Medial epicondylitis is caused by any activity that places a valgus force on the elbow or that involves forcefully flexing the volar forearm muscles, as occurs during pitching, golfing with improper technique, serving a tennis ball (particularly with top spin, with a racket that is too heavy or too tightly strung or has an undersized grip, or with heavy balls), and throwing a javelin. Nonathletic activities that may cause medial epicondylitis include bricklaying, hammering, and typing.
Symptoms and Signs of Medial Epicondylitis
Pain occurs in the flexor pronator tendons (attached to the medial epicondyle) and in the medial epicondyle when the wrist is flexed or pronated against resistance.
Diagnosis of Medial Epicondylitis
To confirm the diagnosis, the examiner has the patient sit in a chair with the forearm resting on a table and the hand supinated. The patient tries to raise the fist by bending the wrist while the examiner holds it down. Pain around the medial epicondyle and in the flexor tendon origin confirms the diagnosis. (See also How to Examine the Elbow Evaluation of the Elbow An evaluation of the elbow includes a physical examination and sometimes arthrocentesis (see How To Do Elbow Arthrocentesis). (See also Evaluation of the Patient With Joint Symptoms.) Synovial... read more .)
Treatment of Medial Epicondylitis
Rest, ice, and muscle stretches
Modification of activity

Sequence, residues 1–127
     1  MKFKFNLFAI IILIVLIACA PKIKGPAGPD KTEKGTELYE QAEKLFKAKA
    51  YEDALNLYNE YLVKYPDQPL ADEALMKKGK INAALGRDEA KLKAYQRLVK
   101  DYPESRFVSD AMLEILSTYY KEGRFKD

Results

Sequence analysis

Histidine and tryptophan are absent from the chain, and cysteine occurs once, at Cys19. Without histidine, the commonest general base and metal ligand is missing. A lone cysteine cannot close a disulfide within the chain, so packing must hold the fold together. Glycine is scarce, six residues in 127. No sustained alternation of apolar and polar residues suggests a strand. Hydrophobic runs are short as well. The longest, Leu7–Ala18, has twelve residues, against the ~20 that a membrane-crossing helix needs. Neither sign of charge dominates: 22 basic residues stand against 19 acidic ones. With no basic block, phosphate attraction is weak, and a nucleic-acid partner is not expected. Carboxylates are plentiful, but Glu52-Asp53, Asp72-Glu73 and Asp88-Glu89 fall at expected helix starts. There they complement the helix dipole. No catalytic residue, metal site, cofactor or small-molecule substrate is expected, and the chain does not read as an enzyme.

Later, resistive exercises
Treatment is symptomatic and similar to that of lateral epicondylitis Treatment Lateral epicondylitis results from inflammation and microtearing of fibers in the extensor tendons of the forearm. Symptoms include pain at the lateral epicondyle of the elbow, which can radiate... read more . Patients should avoid any activity that causes pain. Initially, rest, ice, nonsteroidal anti-inflammatory drugs (NSAIDs), and stretching are used, occasionally with a corticosteroid injection into the painful area around the tendon. When pain subsides, gentle resistive exercises of the extensor and flexor muscles of the forearm are done, followed by eccentric and concentric resistive exercises. In general, surgery is considered only after at least 9 to 12 months of failed conservative management. Surgical techniques to treat medial epicondylitis involve removing scar tissue and reattaching damaged tissues.